Intuition, Adventure, Challenge: An Interview with Mouna Atassi

When did you start collecting artworks, and why?

Crucial events happen that can change the course of one’s life – provoke and entice a new state of thinking and contemplating. In 1986, I was still living in the city of Homs. Local artists used to frequent the bookshop I had established there with my sister. One artist, Rida Hus Hus, visited me at home and said: “The house is quite nice, but why are the walls empty?” Actually, I had decorated the walls with commercial paintings – the kind usually sold at furniture shops – and not genuine artworks. Hus Hus accompanied me on a visit to meet artist Ahmad Draq Sibai, a kind and quiet man who had spent his whole life working in art. We sat on a chaise maurice set, the space was quite intimate. In that same visit, I selected one painting. It was the very first I acquired. Unfortunately, it is no longer in my possession. What I do remember is that it reflected his character: he had such class, and his ideals, as well his art, were immersed not only in aesthetics and techniques, but also in his own spirit. My artistic taste, at the time, was not yet defined, and I didn’t have an understanding of artistic culture and the necessary know-how. Draq Sibai’s milieu and rituals, however, influenced me. I discovered a new spirit I’m wasn’t used to in my surroundings and social circle. Back then, I was super happy to acquire my very first artwork.

This Homs phase between 1986 and 1993 was a period marked by a learning curve, curiosity and an eagerness to know more. Thanks to the proximity of Beirut, I managed to visit a large number of galleries in the Lebanese capital, including Samia Tutungi whose programme I really liked. In 1988, we [Atassi Gallery] approached the Social Forum, run by Mouhamad Barakat, and suggested they hold an exhibition dedicated to Syrian art in their gallery on Rue Clemenceau. It was a real gamble. The [Lebanese Civil] war was still raging, and the status of Syrians in Lebanon was troubling. Nevertheless, we assembled a collection of artworks by Syrian artists, including Mahmoud Hammad, Ghassan Sibai, Abdulkader Arnaout and Fateh Moudarres. Hammad’s painting never made it to Bierut. The customs official liked it and confiscated it for himself! We reached Beirut eventually and the exhibition turned out to be quite popular. Around a dozen Syrian artists travelled with us to attend the opening. On that day, the leading Lebanese collector, Mr. Ramzi El Saidi, invited us for dinner at his house. The invitation was not expected. We felt a bit wary – the exhibition on its own was a kind of adventure and a gamble. However, right after the opening, we headed to El Saidi’s house, and there we were dumbfounded by what we saw.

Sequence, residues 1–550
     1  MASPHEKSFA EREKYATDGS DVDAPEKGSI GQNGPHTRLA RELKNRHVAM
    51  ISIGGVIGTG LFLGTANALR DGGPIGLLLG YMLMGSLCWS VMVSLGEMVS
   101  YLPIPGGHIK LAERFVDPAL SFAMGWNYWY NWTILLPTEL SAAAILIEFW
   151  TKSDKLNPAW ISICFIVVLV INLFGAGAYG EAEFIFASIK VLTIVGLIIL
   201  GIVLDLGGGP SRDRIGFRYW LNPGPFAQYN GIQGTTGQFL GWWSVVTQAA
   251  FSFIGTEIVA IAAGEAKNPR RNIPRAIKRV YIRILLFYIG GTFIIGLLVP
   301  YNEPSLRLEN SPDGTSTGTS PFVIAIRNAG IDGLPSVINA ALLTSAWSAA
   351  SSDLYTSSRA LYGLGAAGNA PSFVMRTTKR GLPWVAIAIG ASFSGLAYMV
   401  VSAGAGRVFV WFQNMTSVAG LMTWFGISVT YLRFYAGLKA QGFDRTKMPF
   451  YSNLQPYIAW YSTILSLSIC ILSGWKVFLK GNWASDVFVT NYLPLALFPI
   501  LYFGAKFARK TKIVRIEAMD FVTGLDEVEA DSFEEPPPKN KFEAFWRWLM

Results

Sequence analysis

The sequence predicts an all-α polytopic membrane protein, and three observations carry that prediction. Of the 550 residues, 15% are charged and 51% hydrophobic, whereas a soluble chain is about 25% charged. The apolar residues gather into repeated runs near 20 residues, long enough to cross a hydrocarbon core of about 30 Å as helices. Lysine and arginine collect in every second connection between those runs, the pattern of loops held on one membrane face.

There were artworks everywhere, starting from the main entrance to each and every single corner. Works by Lebanese pioneers like Moustafa Farroukh, Hussein Madi, Saloua Raouda Choucair and others. The house was literally astonishing for us as we were not accustomed to such style in terms of design and content. Among the invitees were many prominent artists and critics, including Hussein Madi, Samir Sayegh, Joe Tarrab and Mohammad Rawas. We were met with a warm welcome. Lebanese artists already had friendships with some of their Syrian counterparts, like Abdulkader Arnaout, who was quite respected and appreciated. He played a major role in developing not only Syrian, but also pan-Arab graphic art. Arnaout had a courteous, light-hearted and witty character. I was influenced by El Saidi’s approach, and consequently started acquiring artworks. The mission was not easy. Building a collection took a long time and much effort, as my financial situation back then allowed me to buy only a few works and in a gradual manner.

At what stage did your role as a gallery owner insect that of a collector? And how did that happen?

There has been no intersection. It took, rather, a form of stages and alternating roles. As a gallery owner, I used to exhibit artworks, and didn’t have the [financial] means to acquire them. Collecting was quite modest, and not necessarily relevant to artworks showcased in my gallery. My main intellectual, moral and financial focus back then was to develop the gallery itself. I travelled to other cities in order to meet artists and be introduced to their works. Friends helped me a lot to widen my social and art circle. I started collecting earnestly in the early 1990s. There were mistakes, however. I became aware, over time, that the artistic value of artworks varies. Collecting art needs experience and the proper know-how, as well as for the person to be well-informed about the art scene inside Syria and beyond.